They are in a chaotic state of eruption, the key word being eruption. If one does not take a serious note of that potential eruption, if one chooses to disregard that fragile state of mind as of no consequence, then those who underestimate the past regime will be caught napping too. For, the fundamentals of politics have not changed: No political animal could be ruled out, whatever the circumstances.
The past regime still possesses some of the best craftsmen in political propaganda. Those who turned a war-hero into a traitor within a couple of months could be capable of anything. In other words, there is no alternative to being vigilant; there is no other option available to the Government in power. Those who are managing the state affairs today should not forget that the memories of the voters at large are pathetically short-lived.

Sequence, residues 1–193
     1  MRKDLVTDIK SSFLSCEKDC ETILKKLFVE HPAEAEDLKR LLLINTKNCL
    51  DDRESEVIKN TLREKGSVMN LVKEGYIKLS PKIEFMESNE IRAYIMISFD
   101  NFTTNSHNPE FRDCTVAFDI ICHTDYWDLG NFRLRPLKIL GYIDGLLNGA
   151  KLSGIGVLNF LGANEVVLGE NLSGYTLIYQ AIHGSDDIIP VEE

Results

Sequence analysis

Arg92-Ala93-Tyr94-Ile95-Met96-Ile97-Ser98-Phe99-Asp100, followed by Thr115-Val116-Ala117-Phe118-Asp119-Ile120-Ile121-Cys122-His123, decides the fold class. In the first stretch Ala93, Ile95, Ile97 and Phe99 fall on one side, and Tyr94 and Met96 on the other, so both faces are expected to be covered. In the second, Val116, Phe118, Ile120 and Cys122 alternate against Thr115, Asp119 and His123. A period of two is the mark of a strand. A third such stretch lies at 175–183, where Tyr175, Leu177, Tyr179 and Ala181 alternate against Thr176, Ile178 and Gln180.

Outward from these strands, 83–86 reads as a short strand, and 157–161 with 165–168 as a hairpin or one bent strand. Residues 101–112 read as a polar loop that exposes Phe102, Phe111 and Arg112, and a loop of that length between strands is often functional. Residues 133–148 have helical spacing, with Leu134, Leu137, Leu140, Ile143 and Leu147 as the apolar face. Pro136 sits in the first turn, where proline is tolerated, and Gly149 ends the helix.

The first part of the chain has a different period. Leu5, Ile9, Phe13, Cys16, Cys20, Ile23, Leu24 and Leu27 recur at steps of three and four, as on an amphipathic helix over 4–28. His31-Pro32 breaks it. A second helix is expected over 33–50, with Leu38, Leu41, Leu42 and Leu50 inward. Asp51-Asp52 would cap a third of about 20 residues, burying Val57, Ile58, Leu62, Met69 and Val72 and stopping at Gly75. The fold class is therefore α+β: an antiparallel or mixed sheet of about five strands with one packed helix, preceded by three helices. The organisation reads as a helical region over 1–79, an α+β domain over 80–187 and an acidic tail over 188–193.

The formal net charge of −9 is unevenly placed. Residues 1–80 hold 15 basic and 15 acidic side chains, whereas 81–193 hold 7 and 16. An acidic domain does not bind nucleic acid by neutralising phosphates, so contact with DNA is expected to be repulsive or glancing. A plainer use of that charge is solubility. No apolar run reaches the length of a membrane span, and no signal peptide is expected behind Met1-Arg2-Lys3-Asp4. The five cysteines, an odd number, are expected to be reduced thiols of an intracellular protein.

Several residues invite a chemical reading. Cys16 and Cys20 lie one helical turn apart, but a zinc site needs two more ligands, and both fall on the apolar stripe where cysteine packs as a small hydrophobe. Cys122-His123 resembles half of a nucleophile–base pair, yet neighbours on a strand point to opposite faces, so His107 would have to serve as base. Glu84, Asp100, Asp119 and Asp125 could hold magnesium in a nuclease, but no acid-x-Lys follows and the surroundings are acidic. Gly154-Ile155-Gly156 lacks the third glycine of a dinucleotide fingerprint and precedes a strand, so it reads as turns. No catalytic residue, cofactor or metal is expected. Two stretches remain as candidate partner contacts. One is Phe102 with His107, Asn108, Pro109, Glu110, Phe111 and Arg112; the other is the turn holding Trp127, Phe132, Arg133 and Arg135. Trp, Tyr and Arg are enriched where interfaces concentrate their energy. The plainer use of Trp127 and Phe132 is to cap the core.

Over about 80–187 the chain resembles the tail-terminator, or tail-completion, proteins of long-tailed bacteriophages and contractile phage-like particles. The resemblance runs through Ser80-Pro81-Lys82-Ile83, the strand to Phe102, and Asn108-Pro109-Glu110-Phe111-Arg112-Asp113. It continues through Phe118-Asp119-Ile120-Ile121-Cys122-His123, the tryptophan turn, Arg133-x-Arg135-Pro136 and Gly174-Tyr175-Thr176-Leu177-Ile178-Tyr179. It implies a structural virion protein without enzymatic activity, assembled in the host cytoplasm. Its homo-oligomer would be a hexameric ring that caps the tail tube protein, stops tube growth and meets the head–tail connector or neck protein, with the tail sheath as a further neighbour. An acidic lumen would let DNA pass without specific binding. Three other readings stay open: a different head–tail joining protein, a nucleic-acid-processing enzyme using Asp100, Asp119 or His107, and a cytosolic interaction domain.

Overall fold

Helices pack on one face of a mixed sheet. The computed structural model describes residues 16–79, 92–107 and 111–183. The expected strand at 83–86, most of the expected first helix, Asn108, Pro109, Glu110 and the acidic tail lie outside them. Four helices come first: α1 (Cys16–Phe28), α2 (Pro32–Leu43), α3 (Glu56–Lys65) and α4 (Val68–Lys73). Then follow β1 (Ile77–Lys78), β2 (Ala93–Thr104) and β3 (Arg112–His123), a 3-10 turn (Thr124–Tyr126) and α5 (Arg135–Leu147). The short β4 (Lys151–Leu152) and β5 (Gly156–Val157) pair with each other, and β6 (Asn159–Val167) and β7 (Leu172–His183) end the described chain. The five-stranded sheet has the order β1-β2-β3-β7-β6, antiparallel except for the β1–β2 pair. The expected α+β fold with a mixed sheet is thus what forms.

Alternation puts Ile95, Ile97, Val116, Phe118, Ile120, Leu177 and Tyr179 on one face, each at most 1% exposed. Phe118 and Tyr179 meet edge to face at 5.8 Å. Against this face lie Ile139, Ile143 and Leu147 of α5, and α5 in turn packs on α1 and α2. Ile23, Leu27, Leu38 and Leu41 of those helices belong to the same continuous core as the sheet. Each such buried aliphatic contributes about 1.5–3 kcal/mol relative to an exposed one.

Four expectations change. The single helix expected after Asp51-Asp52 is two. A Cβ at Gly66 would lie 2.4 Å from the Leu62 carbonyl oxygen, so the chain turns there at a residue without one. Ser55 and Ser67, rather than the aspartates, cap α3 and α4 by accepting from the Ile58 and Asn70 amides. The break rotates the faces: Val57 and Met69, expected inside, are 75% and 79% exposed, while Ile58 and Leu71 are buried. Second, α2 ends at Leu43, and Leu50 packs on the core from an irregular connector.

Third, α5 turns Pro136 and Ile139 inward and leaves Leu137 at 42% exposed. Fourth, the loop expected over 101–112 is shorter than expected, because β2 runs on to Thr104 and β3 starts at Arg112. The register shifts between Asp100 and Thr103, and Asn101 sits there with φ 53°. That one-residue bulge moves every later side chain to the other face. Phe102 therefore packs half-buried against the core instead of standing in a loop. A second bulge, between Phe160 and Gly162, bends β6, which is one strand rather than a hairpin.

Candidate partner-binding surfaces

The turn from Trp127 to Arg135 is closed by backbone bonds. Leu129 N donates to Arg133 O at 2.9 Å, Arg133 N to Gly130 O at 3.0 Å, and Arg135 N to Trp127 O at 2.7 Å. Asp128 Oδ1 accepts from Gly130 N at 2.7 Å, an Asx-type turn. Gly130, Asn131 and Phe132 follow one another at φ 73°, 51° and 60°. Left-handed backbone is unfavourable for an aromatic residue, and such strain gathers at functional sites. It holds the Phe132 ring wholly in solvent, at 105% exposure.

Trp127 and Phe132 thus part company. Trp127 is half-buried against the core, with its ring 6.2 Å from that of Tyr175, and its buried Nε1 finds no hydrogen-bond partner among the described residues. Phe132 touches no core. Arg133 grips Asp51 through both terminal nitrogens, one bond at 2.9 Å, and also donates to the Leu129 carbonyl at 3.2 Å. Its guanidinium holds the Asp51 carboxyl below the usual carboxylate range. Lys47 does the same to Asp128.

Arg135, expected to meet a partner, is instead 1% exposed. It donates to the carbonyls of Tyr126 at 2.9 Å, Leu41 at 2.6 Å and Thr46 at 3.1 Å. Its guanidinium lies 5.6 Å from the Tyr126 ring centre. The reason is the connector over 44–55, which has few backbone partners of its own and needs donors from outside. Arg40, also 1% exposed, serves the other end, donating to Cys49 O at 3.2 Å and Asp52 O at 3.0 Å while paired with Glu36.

In the context of dealing with the current campaigns run by the so-called ‘Joint Opposition’, one must remember that in his celebrated works, The Prince, Niccolò Machiavelli wrote thus:
“If an injury has to be done to a man it should be so severe that his vengeance need not be feared”. The past regime thought that they threw an un-returnable blow to Sarath Fonseka. It did not happen. Fonseka came back. So can the Rajapaksas.
The writer can be contacted at vishwamithra1984@gmail.